Beer went to work with local architect Victor Martin, and last year, new, more appropriate fixtures were installed to complement the Beaux Arts architecture.

Although Beer said he doesn’t know who was responsible for the replacement lighting and he doesn’t want to point any fingers, he can’t praise the Fort Wayne school board enough for going along with the plan. The Fort Wayne Community School district picked up the replacement cost, Beer said.

"Victor and I worked many hours and talked to a lot of people, and you just have to be patient," Beer said. "You can’t get mad. They don’t want to talk to mad people."

In July, the alumni association mounted a bronze plaque on the Barr Street side, commemorating the history of the building. "That darned thing cost $3,600," Beer said. "We put out an appeal, and before you know it, we had it paid off."

One of the organization’s sources of pride is the Tiger’s Den, a small, windowless room just off the Barr Street entrance that holds memorabilia and alumni photos taken after the school closed.

"Have you been to the Tiger’s Den?" the alumni ask each other at meetings, many of whom wear their school sweatshirts. Only three or four people have the key. Schoppman, leafing through an old photo album, gets tears in her eyes when she finds a photo of her mother, Alice Koontz Schoppman, a 1940 graduate, and herself at an alumni function.

The Tiger’s Den is the closest thing to an office the alumni association has – something rival North Side not only has, but also employs a part-time staffer. The North Side alumni association, with years’ more alumni to draw from, outnumbers Central’s alumni association of 400 members. North Side’s roster is 516, said Mike Morris, the North Side alumni director. South Side High School’s alumni association has about 500 members this year, said Connie Wuellner, alumni office manager.

Board member and 1960 Central High graduate Martha Curry wore her Tigers sweatshirt to the December meeting and brought a large, yellowed photo album, mostly dedicated to her husband Willie, an outstanding Central High School athlete who died at age 27. He was a teacher at Memorial Park Junior High School (now middle school) and coached basketball, a sport he played at Winston-Salem Teachers College.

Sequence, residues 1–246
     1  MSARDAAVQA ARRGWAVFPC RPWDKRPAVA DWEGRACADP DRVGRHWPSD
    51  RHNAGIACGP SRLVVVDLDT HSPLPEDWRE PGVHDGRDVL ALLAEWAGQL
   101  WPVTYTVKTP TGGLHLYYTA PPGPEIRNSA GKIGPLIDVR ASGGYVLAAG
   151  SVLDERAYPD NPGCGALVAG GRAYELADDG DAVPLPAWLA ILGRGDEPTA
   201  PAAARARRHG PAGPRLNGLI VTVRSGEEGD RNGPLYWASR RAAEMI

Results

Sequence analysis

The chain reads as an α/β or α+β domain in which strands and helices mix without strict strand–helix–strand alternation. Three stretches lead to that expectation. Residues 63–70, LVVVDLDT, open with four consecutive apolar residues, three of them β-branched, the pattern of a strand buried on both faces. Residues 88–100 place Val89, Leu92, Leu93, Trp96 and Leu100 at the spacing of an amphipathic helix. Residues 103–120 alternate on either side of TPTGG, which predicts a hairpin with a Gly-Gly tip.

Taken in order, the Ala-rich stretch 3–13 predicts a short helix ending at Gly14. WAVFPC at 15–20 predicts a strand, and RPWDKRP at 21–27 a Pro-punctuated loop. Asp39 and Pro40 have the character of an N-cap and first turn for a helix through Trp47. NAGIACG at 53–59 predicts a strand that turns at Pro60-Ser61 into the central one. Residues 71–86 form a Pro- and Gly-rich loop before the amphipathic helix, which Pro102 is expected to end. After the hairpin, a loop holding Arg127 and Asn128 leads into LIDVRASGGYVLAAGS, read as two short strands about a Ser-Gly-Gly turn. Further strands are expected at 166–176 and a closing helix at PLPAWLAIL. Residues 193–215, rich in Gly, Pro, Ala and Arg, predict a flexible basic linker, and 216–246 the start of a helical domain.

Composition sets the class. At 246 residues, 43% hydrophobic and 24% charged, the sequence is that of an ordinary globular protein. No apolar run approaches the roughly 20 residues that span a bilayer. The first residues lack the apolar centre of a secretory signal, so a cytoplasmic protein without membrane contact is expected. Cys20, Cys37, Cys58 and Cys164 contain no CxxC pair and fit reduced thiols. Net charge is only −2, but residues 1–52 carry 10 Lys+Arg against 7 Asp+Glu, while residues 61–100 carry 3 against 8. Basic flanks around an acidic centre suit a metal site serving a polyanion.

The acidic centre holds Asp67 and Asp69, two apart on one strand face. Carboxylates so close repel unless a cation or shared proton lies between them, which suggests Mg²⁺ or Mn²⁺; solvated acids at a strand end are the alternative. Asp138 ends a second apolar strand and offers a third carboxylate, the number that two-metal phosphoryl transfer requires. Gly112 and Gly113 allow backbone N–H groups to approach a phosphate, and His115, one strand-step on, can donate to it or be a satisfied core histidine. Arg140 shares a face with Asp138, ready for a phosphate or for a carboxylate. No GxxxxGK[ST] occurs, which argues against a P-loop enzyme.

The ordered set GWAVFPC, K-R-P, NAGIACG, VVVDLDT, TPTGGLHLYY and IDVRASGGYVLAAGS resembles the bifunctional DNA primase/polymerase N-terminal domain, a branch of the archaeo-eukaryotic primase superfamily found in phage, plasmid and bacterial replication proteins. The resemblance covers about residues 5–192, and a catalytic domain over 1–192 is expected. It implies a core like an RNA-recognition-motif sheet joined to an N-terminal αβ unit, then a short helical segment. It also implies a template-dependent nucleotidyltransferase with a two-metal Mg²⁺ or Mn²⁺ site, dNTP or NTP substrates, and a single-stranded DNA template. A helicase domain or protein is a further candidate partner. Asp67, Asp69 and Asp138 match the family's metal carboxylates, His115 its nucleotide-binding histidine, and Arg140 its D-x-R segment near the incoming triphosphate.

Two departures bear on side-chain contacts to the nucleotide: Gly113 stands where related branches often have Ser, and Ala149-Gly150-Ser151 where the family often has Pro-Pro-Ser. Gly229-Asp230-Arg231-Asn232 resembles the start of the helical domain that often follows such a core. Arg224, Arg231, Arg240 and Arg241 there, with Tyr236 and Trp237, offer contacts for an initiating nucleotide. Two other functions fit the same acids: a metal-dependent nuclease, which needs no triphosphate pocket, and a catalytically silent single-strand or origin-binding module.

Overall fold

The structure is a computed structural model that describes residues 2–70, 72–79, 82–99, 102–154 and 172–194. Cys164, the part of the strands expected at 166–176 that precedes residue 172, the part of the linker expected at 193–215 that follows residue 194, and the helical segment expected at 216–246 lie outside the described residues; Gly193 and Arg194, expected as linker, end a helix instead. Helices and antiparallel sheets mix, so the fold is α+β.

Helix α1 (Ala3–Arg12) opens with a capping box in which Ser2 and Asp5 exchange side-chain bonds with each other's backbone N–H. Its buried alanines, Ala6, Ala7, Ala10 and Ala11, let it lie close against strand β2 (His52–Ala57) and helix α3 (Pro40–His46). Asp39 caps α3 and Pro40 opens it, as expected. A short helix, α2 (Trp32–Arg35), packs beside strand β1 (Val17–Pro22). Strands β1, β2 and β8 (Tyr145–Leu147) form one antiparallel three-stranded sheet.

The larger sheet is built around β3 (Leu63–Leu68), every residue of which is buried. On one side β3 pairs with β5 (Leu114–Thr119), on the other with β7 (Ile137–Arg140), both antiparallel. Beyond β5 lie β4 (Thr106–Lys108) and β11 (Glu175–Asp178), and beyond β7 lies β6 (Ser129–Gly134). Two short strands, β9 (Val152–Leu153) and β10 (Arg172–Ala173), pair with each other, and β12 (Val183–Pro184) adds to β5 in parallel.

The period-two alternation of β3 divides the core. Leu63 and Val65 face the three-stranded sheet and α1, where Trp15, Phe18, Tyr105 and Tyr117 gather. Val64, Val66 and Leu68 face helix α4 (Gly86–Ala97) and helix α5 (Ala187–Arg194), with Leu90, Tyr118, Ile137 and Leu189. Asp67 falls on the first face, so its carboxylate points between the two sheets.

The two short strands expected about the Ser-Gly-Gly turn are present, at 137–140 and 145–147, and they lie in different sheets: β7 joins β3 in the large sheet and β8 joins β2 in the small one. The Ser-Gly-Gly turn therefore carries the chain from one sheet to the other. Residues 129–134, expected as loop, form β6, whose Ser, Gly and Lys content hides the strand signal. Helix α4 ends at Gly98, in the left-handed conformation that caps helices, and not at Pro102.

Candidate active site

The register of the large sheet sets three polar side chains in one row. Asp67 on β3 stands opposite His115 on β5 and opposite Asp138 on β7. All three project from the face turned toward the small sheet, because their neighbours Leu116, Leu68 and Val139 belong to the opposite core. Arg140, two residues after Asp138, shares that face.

"We went down to State and lost in the afternoon," Martha Curry recalled as if that 1960 game were played yesterday. "We lost by one point" in the semifinals to East Chicago.

Schoppman says it was a more innocent time. The school was desegregated, and folks got along. Photos of the basketball team displayed in the Tiger’s Den show black and white players together.

"We used to have an open lunch hour. We might go to Coney Island and get a couple of hot dogs or to Murphy’s downtown," Schoppman said. Murphy’s "made potato chips and doughnuts. For 50 cents, you could have a hamburger and a Coke," she said.

Mary Lou Hutter, co-chair of the scholarship committee, graduated in 1961. She remembers wearing poodle skirts with crinolines to keep them full.

"We all had bobby socks and saddle shoes. We did not wear jeans and shorts," Hutter said.

"Central was a great high school," Schoppman said. "People who graduated from Central, it still exists in their memories and in their hearts."